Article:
The ECJ has, this morning (Thurs), handed down its decision in Federatie Nederlandse Vakbeweging v Staat der Nederlanden.
It is authority for the proposition that:
- the ECJ TUPE case of Henke v Gemeide Schierke and Verwaltuingsgemeinschaft Brocken remains the most unpronounceable case name out there, but only just (do feel free to challenge me on this!); and,
- more importantly, it is unlawful for EU states to allow employers to replace the minimum four weeks' paid holiday with pay in lieu, even when the holiday year has expired and the holiday allowance carries over into the following year.
Under the Netherlands' civil code, employers must provide four weeks' paid holiday leave each year. However, if the employee does not take the holiday, employers are permitted to roll it over into the next year and pay compensation in lieu (provided they allow the employee to have their full four week entitlement in that, subsequent, year).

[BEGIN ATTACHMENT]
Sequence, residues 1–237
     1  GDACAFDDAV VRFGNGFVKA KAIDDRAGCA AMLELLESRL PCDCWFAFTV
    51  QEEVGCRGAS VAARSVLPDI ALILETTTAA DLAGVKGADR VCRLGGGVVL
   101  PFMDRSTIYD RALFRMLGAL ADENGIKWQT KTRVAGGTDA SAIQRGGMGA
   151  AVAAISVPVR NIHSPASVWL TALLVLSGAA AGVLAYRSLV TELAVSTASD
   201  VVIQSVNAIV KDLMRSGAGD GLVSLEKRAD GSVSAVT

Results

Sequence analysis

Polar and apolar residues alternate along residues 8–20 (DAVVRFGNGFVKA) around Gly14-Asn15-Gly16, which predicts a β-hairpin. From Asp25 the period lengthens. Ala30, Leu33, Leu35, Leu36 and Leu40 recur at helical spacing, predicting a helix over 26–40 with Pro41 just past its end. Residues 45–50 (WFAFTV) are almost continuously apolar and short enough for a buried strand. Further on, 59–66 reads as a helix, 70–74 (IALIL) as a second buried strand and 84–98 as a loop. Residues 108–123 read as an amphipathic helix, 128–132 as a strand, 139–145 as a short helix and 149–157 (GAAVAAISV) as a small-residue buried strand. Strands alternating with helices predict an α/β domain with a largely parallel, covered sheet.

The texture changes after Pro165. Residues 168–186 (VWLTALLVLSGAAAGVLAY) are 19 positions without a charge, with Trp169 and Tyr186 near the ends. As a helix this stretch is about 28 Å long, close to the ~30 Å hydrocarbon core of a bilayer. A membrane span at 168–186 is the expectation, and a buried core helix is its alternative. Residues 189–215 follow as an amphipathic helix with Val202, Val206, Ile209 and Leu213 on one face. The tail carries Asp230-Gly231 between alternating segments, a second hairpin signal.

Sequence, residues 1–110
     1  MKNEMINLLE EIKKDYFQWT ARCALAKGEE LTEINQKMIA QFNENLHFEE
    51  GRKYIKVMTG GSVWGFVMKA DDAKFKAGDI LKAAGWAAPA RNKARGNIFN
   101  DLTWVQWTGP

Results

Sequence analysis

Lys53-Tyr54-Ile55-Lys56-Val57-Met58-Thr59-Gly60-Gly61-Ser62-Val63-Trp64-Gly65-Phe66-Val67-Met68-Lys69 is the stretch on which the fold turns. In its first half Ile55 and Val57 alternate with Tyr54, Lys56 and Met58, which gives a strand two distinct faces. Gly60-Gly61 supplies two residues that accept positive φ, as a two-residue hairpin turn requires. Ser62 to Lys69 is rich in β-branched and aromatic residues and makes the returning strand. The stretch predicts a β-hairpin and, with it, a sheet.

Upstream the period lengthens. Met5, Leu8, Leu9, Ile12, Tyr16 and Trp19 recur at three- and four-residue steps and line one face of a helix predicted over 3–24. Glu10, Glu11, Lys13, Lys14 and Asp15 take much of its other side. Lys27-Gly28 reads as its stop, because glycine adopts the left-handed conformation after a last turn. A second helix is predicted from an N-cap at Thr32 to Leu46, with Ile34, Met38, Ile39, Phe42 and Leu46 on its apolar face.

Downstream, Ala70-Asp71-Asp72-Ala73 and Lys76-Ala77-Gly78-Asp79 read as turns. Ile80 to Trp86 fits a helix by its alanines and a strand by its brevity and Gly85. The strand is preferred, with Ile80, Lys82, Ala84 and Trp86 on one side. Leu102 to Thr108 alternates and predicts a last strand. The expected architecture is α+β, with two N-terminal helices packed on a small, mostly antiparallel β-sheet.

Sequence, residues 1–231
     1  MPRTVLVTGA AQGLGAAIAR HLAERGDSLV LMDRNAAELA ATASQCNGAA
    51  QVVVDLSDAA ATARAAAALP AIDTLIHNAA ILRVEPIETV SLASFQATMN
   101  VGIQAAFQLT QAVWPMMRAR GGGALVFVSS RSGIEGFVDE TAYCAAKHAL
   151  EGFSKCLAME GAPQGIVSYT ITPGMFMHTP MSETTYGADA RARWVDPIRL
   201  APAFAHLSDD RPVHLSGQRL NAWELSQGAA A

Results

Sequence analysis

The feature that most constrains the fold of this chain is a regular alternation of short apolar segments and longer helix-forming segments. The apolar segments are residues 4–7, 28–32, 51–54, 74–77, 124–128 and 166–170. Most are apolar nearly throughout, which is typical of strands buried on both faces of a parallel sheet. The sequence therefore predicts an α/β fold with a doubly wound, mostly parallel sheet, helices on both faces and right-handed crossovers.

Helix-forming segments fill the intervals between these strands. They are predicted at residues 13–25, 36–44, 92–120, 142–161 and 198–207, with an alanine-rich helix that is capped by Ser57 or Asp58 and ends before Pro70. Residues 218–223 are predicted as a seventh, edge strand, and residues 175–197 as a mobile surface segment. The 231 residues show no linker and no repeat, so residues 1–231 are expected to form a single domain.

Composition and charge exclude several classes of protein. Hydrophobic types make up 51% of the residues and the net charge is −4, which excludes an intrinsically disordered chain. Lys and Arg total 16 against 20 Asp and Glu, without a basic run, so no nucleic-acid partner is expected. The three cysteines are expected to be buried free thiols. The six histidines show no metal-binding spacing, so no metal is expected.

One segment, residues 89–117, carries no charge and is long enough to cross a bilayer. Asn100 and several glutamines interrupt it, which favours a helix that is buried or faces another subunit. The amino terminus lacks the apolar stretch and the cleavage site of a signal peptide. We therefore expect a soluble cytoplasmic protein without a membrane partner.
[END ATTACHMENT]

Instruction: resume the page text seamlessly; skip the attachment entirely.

The ECJ has ruled that this practice is contrary to Article 7(2) of the Working Time Directive, which requires Member States to ensure that every worker is allowed four weeks' paid annual leave, and that this annual leave may not be replaced by a payment in lieu (except after termination of employment).
The ECJ's reasoning is, essentially, that permitting pay in lieu for untaken holiday entitlement in subsequent years might provide an incentive for employees, incompatible with the objectives of the Directive, not to take their full leave entitlement (which is an important health & safety measure) during the year.
Federatie Nederlandse Vakbeweging v Staat der Nederlanden